Conclusion: Brunhilda can be brought back to life but she will not be the same. And as my synopsis states, Brunhilda does come back except she’s a vampire! She wasn’t evil or mean or anything of the sort when she was alive so something of that nature hopped aboard when Strange Mysterious Man performed his ritual.
If you need any other evidence that Brunhilda was not brought back to life or something/someone came with her then allow me to direct you to the following quote:
“Never till now had her voice sounded with such tones of sweetness; never before did her language possess such eloquence as it now did, when she conversed with him on the subject of the past.”
Yeah, that ain’t Brunhilda, Walter. Whatever is in her body is tricking you!
Enough about this not being Brunhilda. She’s clearly not the woman she was in life. A demon or entity of some sort took up residence when the ritual was performed. Let’s now turn to the woman who appears in the end. The woman I wholeheartedly believe to be Brunhilda out to seek revenge upon Walter.
I must reiterate how horrible Walter is. By the end of the story, he has sent Swanhilda away without a care in the world. He has risen his first wife from the grave and paid no mind that every young person in his town leaves or dies. Even when his own children die at Brunhilda’s hand he doesn’t care. He only pays attention when his life is in the balance. This man is trash. He only cares about himself, I dare say he never even cared for Brunhilda, he probably only liked her cause she was pretty.
He's done a lot of people wrong in his life. Something the real Brunhilda wouldn’t stand for; especially after all the shit he put her through. I truly believe that her spirit was watching everything that happened; either from watching over Walter in the afterlife or because part of her spirit was in her reanimated corpse. Which is why I believe she does return to the land of the living at the end of “Wake Not the Dead.”
At the end of “Wake Not the Dead” a woman appears at Walter’s home. The text states that this woman looks a lot like Swanhilda except she has brown hair instead of blonde. Obviously this is someone in disguise. But it’s not Swanhilda, I don’t think that woman has it in her. This is not shade at Swanhilda, that poor woman is grieving the loss of her two children she didn’t even know were dead until recently. I believe the mysterious woman to be Brunhilda’s true spirit in disguise. It’s fitting that this mysterious woman is disguised to look like Swanhilda as Walter does her dirty as well. Honestly, Brunhilda is getting revenge for herself and Swanhilda.
Anyway, I find it fitting this woman is disguised as Swanhilda. Walter would not trust anyone who looks like Brunhilda despite the fact he still carries a torch for her after everything that happened. Walter also tried to get back together with Swanhilda before this new mysterious woman arrived, but Swanhilda smartly rejected him. He’s looking for familiarity, and this mysterious woman fits the bill. She looks like Swanhilda and is fierce like Brunhilda.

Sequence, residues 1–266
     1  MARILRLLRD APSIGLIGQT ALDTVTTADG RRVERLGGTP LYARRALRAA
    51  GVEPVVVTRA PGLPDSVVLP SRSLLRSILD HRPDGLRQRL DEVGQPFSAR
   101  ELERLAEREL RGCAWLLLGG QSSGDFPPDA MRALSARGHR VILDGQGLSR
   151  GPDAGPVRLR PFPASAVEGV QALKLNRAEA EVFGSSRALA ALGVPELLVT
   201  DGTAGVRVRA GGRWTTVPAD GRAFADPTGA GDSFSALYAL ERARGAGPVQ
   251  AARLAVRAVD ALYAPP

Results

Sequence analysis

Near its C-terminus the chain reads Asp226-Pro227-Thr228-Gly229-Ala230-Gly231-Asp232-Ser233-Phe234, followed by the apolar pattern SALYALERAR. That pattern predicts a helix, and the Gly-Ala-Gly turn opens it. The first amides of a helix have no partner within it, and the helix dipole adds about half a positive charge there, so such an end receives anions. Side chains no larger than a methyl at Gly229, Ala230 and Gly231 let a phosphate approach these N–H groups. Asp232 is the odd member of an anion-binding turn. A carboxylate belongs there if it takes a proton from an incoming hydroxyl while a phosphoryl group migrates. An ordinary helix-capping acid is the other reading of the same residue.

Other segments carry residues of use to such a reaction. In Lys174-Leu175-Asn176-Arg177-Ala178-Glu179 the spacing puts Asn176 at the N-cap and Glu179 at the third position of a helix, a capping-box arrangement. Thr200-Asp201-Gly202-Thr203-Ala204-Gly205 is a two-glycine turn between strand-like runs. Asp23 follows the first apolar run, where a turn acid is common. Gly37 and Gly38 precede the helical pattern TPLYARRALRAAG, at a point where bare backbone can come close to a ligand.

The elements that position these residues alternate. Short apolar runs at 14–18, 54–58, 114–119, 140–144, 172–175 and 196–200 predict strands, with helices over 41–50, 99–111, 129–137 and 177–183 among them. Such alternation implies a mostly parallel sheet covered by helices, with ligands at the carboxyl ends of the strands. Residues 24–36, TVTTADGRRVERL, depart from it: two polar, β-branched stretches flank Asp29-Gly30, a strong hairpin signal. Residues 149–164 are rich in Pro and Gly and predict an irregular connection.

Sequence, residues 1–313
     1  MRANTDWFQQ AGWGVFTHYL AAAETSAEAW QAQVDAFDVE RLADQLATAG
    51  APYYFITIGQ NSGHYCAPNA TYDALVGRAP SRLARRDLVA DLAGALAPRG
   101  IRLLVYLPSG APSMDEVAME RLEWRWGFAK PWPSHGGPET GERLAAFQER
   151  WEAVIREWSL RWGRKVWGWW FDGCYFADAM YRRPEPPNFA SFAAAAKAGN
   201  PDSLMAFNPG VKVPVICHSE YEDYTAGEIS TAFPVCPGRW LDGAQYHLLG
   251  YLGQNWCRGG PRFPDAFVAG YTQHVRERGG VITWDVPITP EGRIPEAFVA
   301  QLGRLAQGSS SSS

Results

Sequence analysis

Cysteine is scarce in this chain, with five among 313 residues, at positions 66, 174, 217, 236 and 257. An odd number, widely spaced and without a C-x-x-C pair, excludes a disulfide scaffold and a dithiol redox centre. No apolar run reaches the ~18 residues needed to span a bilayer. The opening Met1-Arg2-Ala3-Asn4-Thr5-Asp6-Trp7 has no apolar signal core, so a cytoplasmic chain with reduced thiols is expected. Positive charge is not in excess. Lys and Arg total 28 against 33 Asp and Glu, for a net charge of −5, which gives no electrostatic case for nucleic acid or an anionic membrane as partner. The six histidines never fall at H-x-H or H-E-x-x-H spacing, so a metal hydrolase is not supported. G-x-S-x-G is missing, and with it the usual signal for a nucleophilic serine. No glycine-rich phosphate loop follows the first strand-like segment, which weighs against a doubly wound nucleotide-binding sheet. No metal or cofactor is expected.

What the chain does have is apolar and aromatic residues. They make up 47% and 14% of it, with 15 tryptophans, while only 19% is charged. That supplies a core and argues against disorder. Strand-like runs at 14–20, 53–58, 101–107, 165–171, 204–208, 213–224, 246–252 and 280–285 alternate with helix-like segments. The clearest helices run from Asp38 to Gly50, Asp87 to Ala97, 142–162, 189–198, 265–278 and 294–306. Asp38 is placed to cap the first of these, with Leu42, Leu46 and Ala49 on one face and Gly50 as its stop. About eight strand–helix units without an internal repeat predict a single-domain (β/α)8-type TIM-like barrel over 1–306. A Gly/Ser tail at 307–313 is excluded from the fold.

Another important fact about this woman is that she arrives with a very large entourage. An entourage big enough to distract Walter from important matters; like getting revenge on him. Basically everyone parties for a month straight, distracting Walter from any important matter or any shady plots going on, while the mysterious woman gets Walter to fall in love with her and ultimately propose to her. The plan works, and she’s able to end his life.
Up until this point everything points to this woman being flesh and blood. Then she turns into a massive snake, spoiler alert, and strangles Walter. That’s a little supernatural sounding if you ask me.
At this point in the post, I now turn into this:
The pieces of the puzzle don’t easily fall into place. So stay with me here. Brunhilda is dead. She’s been dead for a while and she wasn’t the one who returned when Walter rose her body from the grave. Walter is trash. No one likes him. People have beef with him. No one will mourn him or miss him if he dies or disappears. So Brunhilda makes her own deal: come back in disguise for revenge.
Walter has made the one he held closest into his greatest enemy. And he doesn’t even realize it. Brunhilda is said to be this fiery, strong willed woman in life. There is no way that in death she would let Walter do what he does with her corpse. Brunhilda needs to step in and right these wrongs. Or get revenge. Take your pick. The latter, to me at least, seems to be what occurs.
At the end of the day, I think we can all agree that Brunhilda is not the spirit that comes back. I think we can also agree that Walter sucks and deserved to be strangled by a giant snake. I don’t know if we can all agree that Brunhilda is the one who unalives Walter, but I certainly believe it.
And with that, I shall bid you all adieu. I hope you enjoyed your time here today. Maybe you had a laugh. Maybe you have discovered an argument for your English class. Any reason why you’re here, thank you for joining me. I shall see you next week with another post on "Wake Not the Dead." Yes, that's right, we're having a two-part "Wake Not the Dead" extravaganza!
Until then, stay safe, wash your hands, and read some good books for me.